Travel Right
  Stuck in Vac

or

Attila does not offer the same remedies as Montezuma

Vac is pronounced
Vats
with a short a.
by Don Beil (Somalia 1964–66)

Check out the English-Hungarian-English
online dictionary.

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FOR THE FIRST TIME IN MY LIFE, I was seriously constipated.
     I was in Hungary, on my fourth trip there in the past few years, and I was spending two nights in Vac, a small town northeast of Budapest about an hour by car. A walk around the square takes you past several shops including a pharmacy and a large school for the deaf — which was my purpose in being there.
     Although I travel with plenty of over-the-counter cures for the opposite problem, I had nothing with me for my current dilemma. I was becoming so desperate that I considered drinking the tap water straight — but then I realized that I’d been drinking the water straight ever since my first visit to Hungary with no effect. What a time for a trouble-free water supply.
     So I headed for the pharmacy.
     As with most of my encounters in stores in Hungary, the clerks did not speak English — and why should they? And I don’t speak Hungarian. I’m a teacher of the deaf, and often find that my sign language skills can be helpful when traveling. But think about it — not very helpful in the current situation. So I resorted to facial expressions to try to convey my malady — no good. Suddenly with a knowing burst of mental self-satisfaction, I blurted one spoken word, “ExLax,” hoping that it was part of a universal pharmaceutical Esperanto — again no luck.
     I turned to the other customers for help. None spoke English.
     Another idea to address the communications block — I recalled a bookstore I’d shopped in earlier that was a short distance off the square, so I departed the pharmacy and made my way there. I knew the clerk spoke a bit of English, because I’d tried unsuccessfully to buy a Hungarian-language version of Alice in Wonderland for friends, but out of embarrassment, I was hesitant to ask her for help. I know it shouldn’t matter that she was female and I’m a male, but it did. So instead of asking directly, I asked to borrow a pen and paper, and with both in hand, headed for the English-Hungarian dictionaries. Trying to look as inconspicuous as possible I copied the Hungarian word in question.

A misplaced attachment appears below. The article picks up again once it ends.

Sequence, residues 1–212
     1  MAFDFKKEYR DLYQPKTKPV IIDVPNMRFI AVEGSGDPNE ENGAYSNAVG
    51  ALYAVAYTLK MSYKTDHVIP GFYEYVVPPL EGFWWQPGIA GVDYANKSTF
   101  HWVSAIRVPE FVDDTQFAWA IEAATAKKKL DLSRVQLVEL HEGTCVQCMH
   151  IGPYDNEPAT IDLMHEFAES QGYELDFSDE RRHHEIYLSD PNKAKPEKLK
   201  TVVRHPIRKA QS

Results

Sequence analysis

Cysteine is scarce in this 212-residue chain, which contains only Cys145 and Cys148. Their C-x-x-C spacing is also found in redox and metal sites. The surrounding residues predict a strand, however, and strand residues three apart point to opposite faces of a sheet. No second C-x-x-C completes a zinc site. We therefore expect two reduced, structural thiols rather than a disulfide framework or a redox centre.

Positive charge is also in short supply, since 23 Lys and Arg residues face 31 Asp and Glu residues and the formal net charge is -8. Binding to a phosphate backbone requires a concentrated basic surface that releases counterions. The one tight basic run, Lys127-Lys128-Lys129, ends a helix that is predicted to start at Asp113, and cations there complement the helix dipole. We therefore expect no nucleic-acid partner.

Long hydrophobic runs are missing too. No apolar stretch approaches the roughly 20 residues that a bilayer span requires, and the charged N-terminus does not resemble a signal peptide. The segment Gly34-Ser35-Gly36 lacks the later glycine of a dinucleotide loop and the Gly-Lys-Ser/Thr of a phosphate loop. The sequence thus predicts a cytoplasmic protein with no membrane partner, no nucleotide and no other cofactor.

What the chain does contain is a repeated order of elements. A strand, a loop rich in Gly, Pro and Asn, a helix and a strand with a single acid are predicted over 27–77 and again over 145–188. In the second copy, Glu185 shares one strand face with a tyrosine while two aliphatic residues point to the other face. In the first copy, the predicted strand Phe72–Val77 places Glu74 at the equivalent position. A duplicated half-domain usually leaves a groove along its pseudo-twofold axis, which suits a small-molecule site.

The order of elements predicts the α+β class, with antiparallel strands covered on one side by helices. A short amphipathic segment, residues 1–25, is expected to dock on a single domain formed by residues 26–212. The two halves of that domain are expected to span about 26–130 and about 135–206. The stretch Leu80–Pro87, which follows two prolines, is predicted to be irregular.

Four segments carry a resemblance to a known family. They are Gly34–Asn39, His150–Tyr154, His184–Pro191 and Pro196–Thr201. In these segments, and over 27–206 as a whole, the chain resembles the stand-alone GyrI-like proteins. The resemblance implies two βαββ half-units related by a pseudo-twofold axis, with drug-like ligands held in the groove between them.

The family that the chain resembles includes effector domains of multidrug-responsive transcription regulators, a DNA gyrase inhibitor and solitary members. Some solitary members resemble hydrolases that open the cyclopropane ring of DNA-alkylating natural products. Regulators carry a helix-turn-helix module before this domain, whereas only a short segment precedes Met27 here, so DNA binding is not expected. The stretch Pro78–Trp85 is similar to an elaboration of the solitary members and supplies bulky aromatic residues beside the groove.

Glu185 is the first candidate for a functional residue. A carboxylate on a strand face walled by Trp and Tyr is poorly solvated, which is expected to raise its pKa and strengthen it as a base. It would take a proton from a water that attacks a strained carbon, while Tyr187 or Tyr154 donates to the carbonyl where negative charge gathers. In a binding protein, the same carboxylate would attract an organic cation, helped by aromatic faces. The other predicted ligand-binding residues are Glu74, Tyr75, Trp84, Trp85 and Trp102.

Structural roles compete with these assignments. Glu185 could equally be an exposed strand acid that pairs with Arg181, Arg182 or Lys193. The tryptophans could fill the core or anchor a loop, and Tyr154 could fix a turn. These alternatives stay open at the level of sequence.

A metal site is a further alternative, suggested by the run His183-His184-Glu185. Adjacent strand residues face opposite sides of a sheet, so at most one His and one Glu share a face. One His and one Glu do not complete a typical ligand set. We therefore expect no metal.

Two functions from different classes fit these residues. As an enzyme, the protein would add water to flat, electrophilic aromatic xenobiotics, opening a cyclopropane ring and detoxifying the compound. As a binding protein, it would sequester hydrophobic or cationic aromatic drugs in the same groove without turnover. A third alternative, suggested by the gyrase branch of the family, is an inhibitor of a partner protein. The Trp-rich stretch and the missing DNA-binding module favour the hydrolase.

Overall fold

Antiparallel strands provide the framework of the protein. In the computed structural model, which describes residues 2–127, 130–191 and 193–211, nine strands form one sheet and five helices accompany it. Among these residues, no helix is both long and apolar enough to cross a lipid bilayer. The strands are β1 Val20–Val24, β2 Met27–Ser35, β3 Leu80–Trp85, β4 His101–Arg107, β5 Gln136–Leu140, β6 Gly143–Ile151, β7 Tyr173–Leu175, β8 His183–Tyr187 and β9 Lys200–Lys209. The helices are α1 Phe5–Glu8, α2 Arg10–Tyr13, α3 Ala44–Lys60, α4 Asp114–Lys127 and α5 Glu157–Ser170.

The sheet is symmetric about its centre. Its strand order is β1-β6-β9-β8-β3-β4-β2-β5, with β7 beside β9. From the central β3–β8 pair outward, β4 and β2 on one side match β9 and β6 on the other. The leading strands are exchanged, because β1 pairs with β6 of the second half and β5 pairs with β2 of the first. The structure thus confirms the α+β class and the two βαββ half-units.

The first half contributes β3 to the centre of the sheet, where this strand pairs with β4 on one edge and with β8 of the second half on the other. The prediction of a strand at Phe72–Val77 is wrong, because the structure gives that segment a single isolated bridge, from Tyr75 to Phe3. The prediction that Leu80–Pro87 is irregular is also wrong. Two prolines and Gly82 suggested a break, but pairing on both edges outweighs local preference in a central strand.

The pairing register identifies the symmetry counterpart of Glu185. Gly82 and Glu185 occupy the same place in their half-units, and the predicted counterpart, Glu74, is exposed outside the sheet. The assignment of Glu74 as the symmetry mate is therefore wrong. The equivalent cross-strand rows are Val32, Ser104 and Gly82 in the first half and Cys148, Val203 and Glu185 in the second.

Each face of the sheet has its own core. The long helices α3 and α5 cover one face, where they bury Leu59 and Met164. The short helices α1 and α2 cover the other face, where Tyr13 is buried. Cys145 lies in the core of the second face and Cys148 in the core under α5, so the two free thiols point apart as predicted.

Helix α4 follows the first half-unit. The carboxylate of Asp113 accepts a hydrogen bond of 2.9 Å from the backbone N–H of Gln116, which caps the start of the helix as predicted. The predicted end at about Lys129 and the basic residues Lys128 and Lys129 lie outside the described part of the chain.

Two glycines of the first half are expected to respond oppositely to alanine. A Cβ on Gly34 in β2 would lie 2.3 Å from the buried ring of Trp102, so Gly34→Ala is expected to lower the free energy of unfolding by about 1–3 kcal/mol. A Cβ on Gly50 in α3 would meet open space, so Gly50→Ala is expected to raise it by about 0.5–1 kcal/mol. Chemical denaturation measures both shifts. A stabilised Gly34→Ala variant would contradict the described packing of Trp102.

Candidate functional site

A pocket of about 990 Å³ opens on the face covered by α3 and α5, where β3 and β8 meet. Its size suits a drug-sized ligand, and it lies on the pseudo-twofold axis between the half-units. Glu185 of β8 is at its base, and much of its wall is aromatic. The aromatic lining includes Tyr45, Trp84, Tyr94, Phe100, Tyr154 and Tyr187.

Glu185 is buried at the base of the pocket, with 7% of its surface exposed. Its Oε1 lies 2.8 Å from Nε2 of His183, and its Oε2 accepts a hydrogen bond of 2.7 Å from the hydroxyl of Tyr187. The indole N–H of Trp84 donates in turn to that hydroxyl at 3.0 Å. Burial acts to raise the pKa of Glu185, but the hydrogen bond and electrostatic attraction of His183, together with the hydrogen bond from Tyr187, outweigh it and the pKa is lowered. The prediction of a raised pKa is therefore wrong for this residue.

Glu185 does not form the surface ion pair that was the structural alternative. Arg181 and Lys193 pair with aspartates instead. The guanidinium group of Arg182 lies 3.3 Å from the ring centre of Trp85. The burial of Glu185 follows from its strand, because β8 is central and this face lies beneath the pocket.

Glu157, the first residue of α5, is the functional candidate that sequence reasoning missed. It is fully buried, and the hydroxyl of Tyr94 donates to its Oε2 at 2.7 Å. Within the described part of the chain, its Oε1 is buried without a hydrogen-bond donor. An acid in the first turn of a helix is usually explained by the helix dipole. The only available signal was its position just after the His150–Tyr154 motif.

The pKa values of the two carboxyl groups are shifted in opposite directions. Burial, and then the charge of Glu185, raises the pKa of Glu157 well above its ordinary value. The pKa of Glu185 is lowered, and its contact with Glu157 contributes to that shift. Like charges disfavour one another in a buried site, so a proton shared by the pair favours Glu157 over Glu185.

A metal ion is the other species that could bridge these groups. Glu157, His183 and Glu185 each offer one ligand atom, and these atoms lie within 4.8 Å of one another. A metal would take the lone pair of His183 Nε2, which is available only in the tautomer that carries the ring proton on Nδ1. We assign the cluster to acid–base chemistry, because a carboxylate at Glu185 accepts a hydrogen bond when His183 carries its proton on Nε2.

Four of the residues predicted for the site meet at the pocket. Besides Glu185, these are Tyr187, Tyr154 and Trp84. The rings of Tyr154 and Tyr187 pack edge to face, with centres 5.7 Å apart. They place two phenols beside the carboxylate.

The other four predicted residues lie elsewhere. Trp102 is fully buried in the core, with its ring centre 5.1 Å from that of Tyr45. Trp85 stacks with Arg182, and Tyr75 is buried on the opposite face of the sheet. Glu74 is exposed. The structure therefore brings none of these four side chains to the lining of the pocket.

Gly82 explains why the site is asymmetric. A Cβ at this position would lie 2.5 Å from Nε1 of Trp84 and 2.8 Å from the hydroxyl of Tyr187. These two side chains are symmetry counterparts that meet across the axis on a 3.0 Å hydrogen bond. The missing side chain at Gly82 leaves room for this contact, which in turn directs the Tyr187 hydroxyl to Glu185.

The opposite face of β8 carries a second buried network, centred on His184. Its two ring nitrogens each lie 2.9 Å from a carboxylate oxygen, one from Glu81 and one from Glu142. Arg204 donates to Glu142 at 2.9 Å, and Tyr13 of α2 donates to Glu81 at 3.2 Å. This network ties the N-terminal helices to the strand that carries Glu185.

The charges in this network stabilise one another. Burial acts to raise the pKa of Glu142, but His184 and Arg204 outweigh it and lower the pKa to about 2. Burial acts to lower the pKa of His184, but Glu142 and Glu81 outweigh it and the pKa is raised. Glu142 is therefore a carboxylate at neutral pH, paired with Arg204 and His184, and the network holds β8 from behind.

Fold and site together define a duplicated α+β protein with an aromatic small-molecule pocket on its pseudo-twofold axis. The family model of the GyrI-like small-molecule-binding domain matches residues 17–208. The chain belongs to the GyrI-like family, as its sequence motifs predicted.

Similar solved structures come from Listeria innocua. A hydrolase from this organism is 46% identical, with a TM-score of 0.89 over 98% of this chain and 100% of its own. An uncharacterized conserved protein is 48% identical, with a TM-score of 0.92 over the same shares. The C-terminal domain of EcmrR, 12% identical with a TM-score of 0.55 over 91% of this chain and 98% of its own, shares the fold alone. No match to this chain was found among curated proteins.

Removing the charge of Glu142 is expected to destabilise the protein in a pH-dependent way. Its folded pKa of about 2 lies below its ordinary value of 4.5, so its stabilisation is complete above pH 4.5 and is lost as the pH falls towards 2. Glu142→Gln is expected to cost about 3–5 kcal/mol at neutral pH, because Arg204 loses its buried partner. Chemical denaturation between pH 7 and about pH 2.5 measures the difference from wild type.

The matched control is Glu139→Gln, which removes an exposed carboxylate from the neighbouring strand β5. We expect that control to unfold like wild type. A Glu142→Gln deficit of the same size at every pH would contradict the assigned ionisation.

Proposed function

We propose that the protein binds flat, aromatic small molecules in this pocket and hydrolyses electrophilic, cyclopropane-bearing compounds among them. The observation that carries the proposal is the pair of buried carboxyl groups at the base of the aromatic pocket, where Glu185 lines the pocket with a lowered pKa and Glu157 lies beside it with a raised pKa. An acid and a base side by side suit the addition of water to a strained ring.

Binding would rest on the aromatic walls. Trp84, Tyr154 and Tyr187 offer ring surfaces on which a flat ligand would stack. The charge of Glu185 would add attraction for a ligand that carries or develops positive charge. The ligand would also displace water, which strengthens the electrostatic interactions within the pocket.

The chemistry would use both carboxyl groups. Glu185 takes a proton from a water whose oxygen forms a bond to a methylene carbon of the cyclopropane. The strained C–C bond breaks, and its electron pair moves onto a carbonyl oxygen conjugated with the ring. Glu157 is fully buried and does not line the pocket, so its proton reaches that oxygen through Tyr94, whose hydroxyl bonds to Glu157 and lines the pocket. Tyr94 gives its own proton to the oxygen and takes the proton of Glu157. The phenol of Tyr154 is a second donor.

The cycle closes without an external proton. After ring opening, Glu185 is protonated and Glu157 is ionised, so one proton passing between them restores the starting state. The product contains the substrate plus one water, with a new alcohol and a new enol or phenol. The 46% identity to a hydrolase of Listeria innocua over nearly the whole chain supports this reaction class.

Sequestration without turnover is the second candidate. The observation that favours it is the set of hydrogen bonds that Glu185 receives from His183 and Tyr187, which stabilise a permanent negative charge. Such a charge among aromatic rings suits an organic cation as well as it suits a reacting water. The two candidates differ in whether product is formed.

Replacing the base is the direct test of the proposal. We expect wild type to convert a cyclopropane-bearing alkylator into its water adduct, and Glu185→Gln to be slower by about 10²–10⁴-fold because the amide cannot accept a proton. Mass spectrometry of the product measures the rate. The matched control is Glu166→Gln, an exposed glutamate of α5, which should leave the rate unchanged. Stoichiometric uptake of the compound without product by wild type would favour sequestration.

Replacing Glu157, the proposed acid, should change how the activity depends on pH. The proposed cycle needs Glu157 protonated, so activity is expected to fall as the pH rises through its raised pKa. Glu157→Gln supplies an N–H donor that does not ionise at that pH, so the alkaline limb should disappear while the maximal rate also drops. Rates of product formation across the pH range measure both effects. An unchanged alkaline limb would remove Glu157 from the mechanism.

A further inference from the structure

I walked back to the pharmacy and showed the clerk my word. There was a knowing look on her face. I had the satisfied feeling that I’d gotten the correct translation. She handed me a generic white box of pills on which she wrote “1–2–3–4.” I knew another trip to the dictionary was not going to help on this one.
     This might be the time for some sign language. I gave her my best puzzled look and pointed to the numbers. And I made a mental note to thank all my sign language teachers for constantly chiding me to use more animated expressions. Fortunately the clerk realized my problem, looked at my size, and crossed out all the numbers except the 2. At 6 feet 2 inches and 190 pounds, I wondered what you have to look like to be a 4. So I’d gotten the medication and the quantity to take, but how often was I to take the two white pills?
     Where to go next. I could head back to the school for the deaf that I was visiting, but the situation was a bit problematic. The Hungarian teacher who had acted as a translator for me during past visits was not available this time, and I had been communicating mostly in sign language, hoping that American Sign Language would translate into Hungarian Sign Language. My one English-speaking contact at the school was a teenage girl, the daughter of the principal’s secretary. There was something about the situation — I didn’t want to ask her about the correct dosage. No go.
     So, I headed back to my hotel — still not knowing how often to take the pills. Having heard graphic stories of others in the similar situation, I knew that I’d have to plan carefully for where I’d be during the hours after taking them. Later that afternoon, I made a leap of faith and took two pills. Nothing by the morning. So in a greater act of faith, I took two more while my mind wondered — were these pills for the opposite ailment? But, fortunately, later that afternoon they did their job.

Incidentally, if you’re off to Hungary, you may find yourself in a similar bind. If so, you may want to make a note now that the Hungarian word I found in the dictionary was székrekedéses.

For the past 25 years, Don Beil (dhbndp@rit.edu and www.rit.edu/~dhbndp) has been teaching computing to deaf and hard of hearing students at the National Technical Institute for the Deaf (NTID) at the Rochester Institute of Technology, Rochester NY. NTID is a partner with the Hungarian association of schools for the deaf in a grant from the Soros Open Society Institute to improve information technology education in the schools for the deaf in Hungary.
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